With its sleek iPod nano and all-in-one iMac computer, Apple ( AAPL) is often perceived by its fans as a pre-eminent innovator.

It may come as a surprise, then, that much of the company's recent financial -- and stock -- success has resulted from merely holding the line on one of the sources of that innovation: its spending on research and development.

Even while Apple's revenue has skyrocketed in recent years -- and even as expectations for future products and success have exploded -- what the company has spent on R&D has risen only modestly. As a portion of overall sales, such expenses have actually fallen by more than half.

Though analysts generally praise Apple for its frugality, some warn there's a limit to how much longer the company can squeeze juicier near-term profits out of its R&D line.

"Ultimately, for them to sustain their growth and be successful in the long term, they're going to have to move in new directions and tackle some new product lines that they don't have and haven't historically done," says Van Baker, an analyst who covers the company for industry research group Gartner. "That's going to take significant investment."

Apple spokeswoman Natalie Kerris didn't know whether the company had set goals for R&D spending. But the pace at which Apple allows its investment in innovation to grow in future quarters will likely go a long way toward determining the company's future profit growth.

Although there's no hard-and-fast rule for what portion of its budget a company should devote to R&D, some analysts say Apple is approaching minimal levels. As a portion of sales, the amount Apple has spent on R&D has fallen steadily every year since fiscal 2001, when the company devoted 8%.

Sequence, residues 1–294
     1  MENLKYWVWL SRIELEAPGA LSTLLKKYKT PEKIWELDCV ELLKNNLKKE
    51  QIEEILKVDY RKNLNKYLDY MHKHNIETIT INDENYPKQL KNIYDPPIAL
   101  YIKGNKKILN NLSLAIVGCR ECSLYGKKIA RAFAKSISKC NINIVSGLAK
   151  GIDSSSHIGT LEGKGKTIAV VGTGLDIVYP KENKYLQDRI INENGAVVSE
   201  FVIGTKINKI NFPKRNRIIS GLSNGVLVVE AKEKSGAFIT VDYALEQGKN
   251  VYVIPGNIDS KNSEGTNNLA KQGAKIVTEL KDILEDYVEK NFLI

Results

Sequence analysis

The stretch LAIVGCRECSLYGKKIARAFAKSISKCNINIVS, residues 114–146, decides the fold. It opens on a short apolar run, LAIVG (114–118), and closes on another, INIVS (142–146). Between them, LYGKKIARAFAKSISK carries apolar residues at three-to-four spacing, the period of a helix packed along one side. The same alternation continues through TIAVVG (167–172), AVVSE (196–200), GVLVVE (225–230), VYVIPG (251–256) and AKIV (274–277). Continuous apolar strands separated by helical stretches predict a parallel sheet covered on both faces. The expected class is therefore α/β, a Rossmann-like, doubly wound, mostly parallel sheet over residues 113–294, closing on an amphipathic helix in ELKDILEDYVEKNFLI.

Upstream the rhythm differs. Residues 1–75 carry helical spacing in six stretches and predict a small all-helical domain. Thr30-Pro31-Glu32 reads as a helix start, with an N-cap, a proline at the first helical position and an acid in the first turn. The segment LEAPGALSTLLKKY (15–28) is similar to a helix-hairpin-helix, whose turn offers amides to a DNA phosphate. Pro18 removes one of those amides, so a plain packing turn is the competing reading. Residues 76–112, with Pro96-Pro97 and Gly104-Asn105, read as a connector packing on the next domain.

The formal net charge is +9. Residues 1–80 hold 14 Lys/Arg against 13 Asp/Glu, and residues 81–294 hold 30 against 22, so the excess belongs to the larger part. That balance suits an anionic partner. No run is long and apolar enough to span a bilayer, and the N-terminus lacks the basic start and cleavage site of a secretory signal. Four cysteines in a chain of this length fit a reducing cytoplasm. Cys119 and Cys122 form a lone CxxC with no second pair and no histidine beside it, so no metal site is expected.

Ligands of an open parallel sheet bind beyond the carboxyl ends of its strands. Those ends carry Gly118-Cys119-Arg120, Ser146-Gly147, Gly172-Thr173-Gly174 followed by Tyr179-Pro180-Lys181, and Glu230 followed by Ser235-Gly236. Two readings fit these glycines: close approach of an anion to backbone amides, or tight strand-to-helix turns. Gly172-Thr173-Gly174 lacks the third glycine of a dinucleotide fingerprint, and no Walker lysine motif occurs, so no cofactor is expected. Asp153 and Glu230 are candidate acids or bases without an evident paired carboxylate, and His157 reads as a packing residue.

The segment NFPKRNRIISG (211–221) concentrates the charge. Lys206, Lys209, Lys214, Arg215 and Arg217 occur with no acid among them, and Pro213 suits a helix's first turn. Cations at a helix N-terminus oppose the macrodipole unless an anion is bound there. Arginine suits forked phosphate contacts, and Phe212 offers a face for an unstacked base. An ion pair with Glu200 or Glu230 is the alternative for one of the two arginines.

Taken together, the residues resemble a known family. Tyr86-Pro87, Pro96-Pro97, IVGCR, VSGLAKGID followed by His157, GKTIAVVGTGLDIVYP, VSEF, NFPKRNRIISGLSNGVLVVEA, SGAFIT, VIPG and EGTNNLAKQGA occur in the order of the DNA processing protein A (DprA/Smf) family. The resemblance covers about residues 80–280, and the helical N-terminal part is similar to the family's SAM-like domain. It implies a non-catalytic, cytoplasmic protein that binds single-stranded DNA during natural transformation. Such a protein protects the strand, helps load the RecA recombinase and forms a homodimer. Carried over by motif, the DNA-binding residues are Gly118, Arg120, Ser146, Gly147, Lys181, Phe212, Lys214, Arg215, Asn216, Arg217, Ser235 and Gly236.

Last year, Apple spent 3.8% of sales on development, and it spent just 3.2% in its most recent fiscal quarter.

Apple hasn't cut R&D spending. The company spent $534 million on development in fiscal 2005, which was 24% more than it spent in fiscal 2001. But the company has clearly been constraining the growth of development spending.

While sales have grown at a compounded annual rate of 27% over the last four years, R&D spending has grown at an average rate of just 5.6% per year over that period.

"At some point, that reaches stasis," says Crawford Del Prete, an analyst with industry research firm IDC. "They can't take it down to 1.5% or 2% of revenue."

Part of the reason that Apple can't let its research spending decline much further is that the company has to bear costs that many of its PC industry competitors don't.

If it wants a new operating system for its Macintosh computers, for instance, Apple itself has to develop it; it can't rely on Microsoft ( MSFT).

Likewise, with so much of its brand reputation centered on developing distinct products, the company can't just rely on the latest reference designs from Intel ( INTC).

But even more than that, Apple is already being vastly outspent by its rivals. Both in dollar terms and as a portion of its revenue, Apple's R&D budget is a fraction of that of competitors Hewlett-Packard ( HPQ), Sony ( SNE) and Microsoft.

The vast amount of money that those companies spend allows them to introduce multiple product lines and spread their risks around, analysts say. Though the companies may have a lower portion of hit products, they're less likely to be hurt if a product fails, analysts say.

Apple's Squeezing R&D
FY '05 FY '01
Sales $13.93 billion $5.36 billion